At Nearly 100, World-Renowned Pianist Frank Glazer Still 'Getting Better'
TOPSHAM, Maine - Concert pianist Frank Glazer, who has lived in Maine for more than 30 years, is preparing to celebrate his 100th birthday. The internationally-renowned performer, who still holds a position as artist in residence at Bates College, spoke recently with Tom Porter at his home in Topsham about his early experienes in music and how they have shaped his approach to the piano.
In between yoga sessions, work outs with his personal trainer and writing letters to fans, Glazer still finds time to practice daily. "I'm as active as I was in junior high school," he says.
After a few bars of a Schubert Sonata, memories of his debut concert at The Town Hall in New York City come flooding back, nearly 80 years later. "Oh, it's quite vivid. For one thing, I had never played a whole recital program anywhere in my life," he says. "I didn't know what it would feel like to walk out on stage in New York and play a concert."
That 1936 concert, well-attended by critics, turned out to be a defining moment in Glazer's life, he says: the moment he went from being a piano player - a technician, basically - to being an artist and truly understanding the music. And it happened while he was playing the slow movement of Schubert's Piano Sonata in A minor.
"By the time I got that movement, I felt as if I was Schubert creating the piece at that moment, so I owned that piece," Glazer says. "And I understood it for the first time. It was a revelation to me. Schubert takes you about as close to heaven as you're going to get, in music."
In 1932, when he was just 17 years old, Glazer went to Berlin to study under the legendary Austrian pianist Artur Schnabel. Having only a basic grasp of German, and not knowing a soul there, the teenager from Wisconsin found himself witnessing the chaos of the Weimar Republic and the rise of the Nazis.
"It was a terrible time politically and economically in Germany," he says. "But the arts were great and thriving - the opera, concerts, literature, theater, museums, that was very exciting."
After Hitler came to power in 1933 Glazer followed Schnabel - who was Jewish - to Italy to continue his studies.
Glazer's long career has taken him all over the world, giving solo recitals and playing with some of the world's greatest symphony orchestras. Even in his later years,Glazer can still play at a high level. This recording, from 2006, when Glazer was in his early 90's, captures his performance of another Schubert Sonata at Bates College's Olin Arts Center. (Excerpt from concert)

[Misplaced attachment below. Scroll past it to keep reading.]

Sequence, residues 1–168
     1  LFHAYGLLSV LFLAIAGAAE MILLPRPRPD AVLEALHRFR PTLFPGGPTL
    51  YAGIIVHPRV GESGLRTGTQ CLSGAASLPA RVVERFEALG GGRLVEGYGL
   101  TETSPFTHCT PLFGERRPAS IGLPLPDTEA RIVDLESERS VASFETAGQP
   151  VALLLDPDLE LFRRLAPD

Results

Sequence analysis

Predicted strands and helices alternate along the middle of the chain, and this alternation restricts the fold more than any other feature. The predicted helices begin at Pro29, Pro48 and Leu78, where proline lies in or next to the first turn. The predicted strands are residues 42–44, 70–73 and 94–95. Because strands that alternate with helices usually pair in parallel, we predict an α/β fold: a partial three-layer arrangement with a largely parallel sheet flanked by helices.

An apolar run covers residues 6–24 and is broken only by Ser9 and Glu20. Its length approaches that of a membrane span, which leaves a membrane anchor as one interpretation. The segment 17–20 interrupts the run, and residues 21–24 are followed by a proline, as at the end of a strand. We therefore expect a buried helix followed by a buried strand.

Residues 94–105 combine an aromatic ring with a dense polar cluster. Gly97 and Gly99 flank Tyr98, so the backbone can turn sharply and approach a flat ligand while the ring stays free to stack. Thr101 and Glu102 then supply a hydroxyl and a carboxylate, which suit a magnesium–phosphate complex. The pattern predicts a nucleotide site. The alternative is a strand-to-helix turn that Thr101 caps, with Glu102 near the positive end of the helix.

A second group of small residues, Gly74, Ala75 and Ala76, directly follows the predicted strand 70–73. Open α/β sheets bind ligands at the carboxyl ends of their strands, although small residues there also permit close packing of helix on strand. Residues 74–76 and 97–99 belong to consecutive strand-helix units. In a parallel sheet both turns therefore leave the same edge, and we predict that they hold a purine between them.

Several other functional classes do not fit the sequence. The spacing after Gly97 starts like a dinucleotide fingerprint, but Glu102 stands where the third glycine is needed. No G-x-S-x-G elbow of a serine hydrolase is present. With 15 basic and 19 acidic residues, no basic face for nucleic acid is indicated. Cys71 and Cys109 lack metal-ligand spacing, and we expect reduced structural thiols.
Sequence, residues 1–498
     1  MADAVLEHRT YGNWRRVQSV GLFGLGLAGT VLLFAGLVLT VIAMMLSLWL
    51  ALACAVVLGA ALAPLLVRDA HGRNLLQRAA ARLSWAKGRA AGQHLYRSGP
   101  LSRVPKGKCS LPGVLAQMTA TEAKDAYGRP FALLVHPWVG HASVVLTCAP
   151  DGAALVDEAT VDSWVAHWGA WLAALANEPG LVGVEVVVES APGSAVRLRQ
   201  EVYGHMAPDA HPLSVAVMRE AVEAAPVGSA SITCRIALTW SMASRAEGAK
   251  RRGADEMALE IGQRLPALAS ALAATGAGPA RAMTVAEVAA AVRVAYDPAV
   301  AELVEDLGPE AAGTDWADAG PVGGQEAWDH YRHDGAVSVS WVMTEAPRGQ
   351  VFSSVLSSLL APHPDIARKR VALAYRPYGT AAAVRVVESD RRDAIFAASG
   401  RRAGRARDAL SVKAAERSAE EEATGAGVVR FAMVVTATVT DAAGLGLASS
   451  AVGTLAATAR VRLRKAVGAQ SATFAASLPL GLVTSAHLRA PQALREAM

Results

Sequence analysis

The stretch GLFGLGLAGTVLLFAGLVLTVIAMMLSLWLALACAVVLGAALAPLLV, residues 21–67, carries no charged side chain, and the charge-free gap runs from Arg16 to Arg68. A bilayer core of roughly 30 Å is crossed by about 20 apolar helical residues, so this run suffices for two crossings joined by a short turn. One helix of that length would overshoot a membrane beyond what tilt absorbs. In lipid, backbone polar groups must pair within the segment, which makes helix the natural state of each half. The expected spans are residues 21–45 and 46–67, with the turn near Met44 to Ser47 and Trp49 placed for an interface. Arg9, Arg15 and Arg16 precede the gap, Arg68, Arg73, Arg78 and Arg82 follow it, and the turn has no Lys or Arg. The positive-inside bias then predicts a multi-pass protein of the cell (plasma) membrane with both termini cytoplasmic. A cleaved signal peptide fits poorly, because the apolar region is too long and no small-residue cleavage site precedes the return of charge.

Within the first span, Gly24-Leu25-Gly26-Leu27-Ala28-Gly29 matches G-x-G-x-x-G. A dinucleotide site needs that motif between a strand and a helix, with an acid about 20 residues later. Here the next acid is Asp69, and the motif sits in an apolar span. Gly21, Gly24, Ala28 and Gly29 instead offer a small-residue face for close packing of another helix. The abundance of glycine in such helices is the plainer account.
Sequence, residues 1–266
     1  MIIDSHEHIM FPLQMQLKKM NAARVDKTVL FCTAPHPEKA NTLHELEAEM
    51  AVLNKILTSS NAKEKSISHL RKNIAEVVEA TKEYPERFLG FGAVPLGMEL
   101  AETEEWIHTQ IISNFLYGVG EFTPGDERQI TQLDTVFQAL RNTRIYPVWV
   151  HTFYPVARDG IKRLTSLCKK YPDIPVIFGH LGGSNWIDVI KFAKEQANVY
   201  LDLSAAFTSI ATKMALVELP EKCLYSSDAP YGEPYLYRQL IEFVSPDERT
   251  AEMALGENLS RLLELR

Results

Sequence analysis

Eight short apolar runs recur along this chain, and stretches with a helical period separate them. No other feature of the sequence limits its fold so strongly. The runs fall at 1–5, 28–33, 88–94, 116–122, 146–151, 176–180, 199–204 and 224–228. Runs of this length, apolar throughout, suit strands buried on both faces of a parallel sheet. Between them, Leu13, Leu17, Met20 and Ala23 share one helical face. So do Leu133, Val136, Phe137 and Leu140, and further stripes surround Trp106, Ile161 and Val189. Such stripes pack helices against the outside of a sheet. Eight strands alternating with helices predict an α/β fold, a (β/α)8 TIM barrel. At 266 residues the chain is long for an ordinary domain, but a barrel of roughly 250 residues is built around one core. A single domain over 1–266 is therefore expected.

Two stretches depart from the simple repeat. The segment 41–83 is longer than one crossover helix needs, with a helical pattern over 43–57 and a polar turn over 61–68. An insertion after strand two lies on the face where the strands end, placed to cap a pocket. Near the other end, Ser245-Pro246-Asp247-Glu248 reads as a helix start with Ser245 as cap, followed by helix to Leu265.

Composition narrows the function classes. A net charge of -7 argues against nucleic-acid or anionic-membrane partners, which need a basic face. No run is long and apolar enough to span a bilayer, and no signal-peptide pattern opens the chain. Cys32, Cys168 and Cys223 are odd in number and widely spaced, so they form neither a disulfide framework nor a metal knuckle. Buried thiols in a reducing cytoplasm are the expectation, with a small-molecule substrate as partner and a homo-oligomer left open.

Glazer says his playing technique, with an approach that lessened the impact on his hands without affecting the sound, was developed decades ago, when he was still in his 20's.
"After I played the Brahms B-flat Concerto at the Boston Symphony with Koussevitzky, and I'd played at Town Hall and so on, I was concertizing, I took time out to figure out how to play the piano in the most efficient manner, and also be able to get every kind of sound out of the given piano that I'm playing at the time," he says.
The important thing, says Glazer, is to keep the hand muscles relaxed on the keys - or as he puts it: "Hug 'em don't hit 'em - the keys - because a lot of people hit the key, they think they need to get it to go down, but you just start on the key surface and push it down."
After heart bypass surgery at the age of 86, Glazer's doctor recommended that he stop trying to memorize all the pieces he plays. Glazer says he now uses sheet music and feels much less stressed about performing. As he approaches his second century on earth, Glazer feels that his playing is better than ever.
"If you can keep doing what you love and what you've been doing all your life, why change when you're getting better at it still?" he says. "Like an actor studying Hamlet or Macbeth, the older you get and more you do it, the more you see in it, and you wonder why you didn't see that last time, or five years ago. But that's not how we learn. We grow if we're lucky."
Frank Glazer will celebrate his 100th birthday on Feb. 7 with a special concert at Bates College in Lewiston.